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Studies on the innervation of the ovine pineal and the regulation of melatonin secretion : a thesis in partial fulfilment of the requirements for the degree of Doctor of Philosophy in Physiology at Massey University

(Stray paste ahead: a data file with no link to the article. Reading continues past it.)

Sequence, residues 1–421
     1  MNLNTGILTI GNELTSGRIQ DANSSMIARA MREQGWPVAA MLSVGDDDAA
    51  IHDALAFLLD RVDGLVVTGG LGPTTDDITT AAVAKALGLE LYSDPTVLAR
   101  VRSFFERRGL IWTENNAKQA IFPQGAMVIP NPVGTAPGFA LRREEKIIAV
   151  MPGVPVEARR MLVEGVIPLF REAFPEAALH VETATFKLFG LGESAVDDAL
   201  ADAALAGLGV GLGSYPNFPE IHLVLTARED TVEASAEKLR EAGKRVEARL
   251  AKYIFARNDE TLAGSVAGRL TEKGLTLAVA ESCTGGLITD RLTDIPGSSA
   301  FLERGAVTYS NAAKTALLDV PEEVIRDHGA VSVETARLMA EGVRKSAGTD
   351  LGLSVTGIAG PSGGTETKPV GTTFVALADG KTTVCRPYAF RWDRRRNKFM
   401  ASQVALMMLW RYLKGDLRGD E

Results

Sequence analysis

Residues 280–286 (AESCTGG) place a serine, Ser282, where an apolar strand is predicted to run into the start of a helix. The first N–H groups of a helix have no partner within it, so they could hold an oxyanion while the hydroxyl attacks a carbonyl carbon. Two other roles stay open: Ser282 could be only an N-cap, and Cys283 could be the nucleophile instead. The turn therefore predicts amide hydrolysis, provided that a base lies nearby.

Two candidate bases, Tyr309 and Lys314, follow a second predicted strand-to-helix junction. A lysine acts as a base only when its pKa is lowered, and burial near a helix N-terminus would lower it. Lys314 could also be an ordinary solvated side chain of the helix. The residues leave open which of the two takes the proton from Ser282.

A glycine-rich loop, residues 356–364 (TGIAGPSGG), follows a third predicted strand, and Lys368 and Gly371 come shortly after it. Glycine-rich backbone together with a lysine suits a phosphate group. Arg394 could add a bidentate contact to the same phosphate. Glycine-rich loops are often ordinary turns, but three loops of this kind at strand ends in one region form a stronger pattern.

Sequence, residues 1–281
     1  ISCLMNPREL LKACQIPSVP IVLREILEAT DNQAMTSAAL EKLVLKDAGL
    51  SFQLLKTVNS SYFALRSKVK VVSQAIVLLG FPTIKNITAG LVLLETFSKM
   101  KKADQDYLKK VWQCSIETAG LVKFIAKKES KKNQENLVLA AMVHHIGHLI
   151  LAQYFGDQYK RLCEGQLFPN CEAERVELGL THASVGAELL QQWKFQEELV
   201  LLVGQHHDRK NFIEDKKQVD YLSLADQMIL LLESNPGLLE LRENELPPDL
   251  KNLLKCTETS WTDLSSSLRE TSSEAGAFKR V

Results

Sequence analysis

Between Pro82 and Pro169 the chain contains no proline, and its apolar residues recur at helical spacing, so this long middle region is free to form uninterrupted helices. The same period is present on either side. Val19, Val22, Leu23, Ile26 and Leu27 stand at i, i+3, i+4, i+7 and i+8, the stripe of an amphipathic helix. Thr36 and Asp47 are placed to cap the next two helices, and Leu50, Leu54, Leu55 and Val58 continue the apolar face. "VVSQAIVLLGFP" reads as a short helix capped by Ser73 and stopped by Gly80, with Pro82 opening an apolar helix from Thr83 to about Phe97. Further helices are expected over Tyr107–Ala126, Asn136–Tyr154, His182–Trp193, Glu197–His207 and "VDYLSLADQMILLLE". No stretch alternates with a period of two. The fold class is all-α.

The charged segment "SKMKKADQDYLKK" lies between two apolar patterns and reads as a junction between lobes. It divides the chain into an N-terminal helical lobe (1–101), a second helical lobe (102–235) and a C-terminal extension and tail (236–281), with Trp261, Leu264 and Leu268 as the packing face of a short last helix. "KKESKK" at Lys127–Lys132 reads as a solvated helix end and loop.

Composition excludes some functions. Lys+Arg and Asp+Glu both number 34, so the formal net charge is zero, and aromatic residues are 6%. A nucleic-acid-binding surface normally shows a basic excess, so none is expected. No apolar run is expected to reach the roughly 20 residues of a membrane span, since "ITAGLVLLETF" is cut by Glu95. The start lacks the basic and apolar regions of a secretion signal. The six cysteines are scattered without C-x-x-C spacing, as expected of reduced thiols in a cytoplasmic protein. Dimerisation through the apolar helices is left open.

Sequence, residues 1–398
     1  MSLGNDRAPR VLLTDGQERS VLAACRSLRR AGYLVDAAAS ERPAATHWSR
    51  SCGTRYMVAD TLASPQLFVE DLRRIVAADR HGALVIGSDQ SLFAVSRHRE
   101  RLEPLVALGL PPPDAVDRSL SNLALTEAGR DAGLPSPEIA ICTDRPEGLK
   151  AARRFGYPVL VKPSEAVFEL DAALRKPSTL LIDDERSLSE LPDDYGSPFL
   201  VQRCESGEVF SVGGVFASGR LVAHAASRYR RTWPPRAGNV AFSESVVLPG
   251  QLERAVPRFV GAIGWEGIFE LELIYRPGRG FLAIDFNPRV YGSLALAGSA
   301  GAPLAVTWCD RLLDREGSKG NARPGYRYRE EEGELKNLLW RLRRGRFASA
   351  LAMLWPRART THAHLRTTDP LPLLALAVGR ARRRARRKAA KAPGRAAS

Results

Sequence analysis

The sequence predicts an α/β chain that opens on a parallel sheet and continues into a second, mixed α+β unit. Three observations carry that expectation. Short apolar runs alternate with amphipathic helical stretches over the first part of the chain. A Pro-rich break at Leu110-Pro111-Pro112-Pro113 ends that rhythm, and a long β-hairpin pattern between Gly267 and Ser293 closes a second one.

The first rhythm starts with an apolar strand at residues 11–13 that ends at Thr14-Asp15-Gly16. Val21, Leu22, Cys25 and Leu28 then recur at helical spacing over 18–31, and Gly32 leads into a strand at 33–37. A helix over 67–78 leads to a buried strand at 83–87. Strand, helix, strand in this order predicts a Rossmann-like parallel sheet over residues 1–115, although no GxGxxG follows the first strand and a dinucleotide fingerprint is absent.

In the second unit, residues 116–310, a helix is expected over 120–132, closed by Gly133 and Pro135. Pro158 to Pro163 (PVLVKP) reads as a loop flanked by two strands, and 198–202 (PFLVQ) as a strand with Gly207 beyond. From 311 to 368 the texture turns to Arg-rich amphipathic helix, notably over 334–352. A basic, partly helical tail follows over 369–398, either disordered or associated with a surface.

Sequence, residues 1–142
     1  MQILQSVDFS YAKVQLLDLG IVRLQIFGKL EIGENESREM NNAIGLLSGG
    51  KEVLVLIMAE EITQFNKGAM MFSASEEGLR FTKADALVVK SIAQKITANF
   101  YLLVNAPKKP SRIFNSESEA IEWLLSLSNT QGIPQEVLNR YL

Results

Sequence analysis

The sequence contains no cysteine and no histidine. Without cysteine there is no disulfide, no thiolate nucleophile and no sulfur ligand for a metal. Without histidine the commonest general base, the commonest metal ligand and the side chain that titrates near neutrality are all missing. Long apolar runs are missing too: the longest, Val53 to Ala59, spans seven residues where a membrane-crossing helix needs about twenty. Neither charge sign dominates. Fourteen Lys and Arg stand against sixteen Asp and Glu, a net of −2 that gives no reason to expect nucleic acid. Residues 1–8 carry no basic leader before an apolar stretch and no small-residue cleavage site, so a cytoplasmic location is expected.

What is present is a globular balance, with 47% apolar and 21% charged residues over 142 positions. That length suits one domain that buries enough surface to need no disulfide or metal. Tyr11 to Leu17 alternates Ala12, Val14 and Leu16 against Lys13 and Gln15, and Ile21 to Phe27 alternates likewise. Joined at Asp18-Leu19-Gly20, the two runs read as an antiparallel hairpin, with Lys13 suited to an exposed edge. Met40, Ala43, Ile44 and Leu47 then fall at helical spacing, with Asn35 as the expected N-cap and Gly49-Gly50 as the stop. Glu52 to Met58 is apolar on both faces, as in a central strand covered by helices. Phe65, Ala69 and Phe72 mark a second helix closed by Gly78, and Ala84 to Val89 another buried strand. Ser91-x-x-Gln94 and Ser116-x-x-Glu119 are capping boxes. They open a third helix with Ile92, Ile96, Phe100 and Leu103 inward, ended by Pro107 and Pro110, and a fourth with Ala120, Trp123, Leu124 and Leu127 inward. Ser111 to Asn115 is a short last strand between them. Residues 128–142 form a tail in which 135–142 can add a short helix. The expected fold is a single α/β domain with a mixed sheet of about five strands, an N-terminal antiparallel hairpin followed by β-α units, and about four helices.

The studies described in this thesis were designed to investigate the neural regulation of melatonin secretion from the ovine pineal gland. Initial studies sought to establish the effects of a range of anaesthetics on the nocturnal rise in plasma melatonin levels in Romney rams and to identify the anaesthetic treatment most suitable for use in future acute studies; this was found to be halothane induction and maintenance. To investigate the neural mediation of melatonin secretion from the ram pineal, a series of experiments was performed in which the pre-ganglionic sympathetic innervation was stimulated electrically. Acute stimulation during the night or day resulted in an immediate, sustained rise in plasma melatonin levels, with nighttime responses being significantly greater than daytime responses (P<0.05). Similar studies in conscious rams were subsequently made possible by the development of a cuff electrode which could be implanted around the CST's and remain functional for at least six weeks. In these studies it was demonstrated that photoperiod (16L:8D of 8L:16D) did not influence melatonin output, while responsiveness to stimulation was highest during the middle, rather than at the beginning or end, of the photoperiod. The second study employing chronically implanted electrodes was designed to evaluate the influence of various parameters of continuously applied CST stimulation on the pineal's melatonin secretory response. Unexpectedly, it was found that only small rises in plasma melatonin levels resulted from stimulation with any of the combinations of stimulus parameters tested and that no one combination was significantly more effective than any other in promoting increases in plasma melatonin levels. These findings appear to have resulted from inadequate performance of the electrodes and/or nerve damage. The final study undertaken in this thesis was designed to identify the innervation of ovine pineal by immunocytochemically localizing the neuropeptides NPY & VIP, and the enzymes NSE & PNMT. All four antigens were observed in intrapineal nerve fibres, while NSE was also present in pinealocytes. SCGX reduced, but did not eliminate, this immunoreactivity suggesting that both central and peripheral regions innervate the pineal and that partial denervation initiates a neural compensatory mechanism.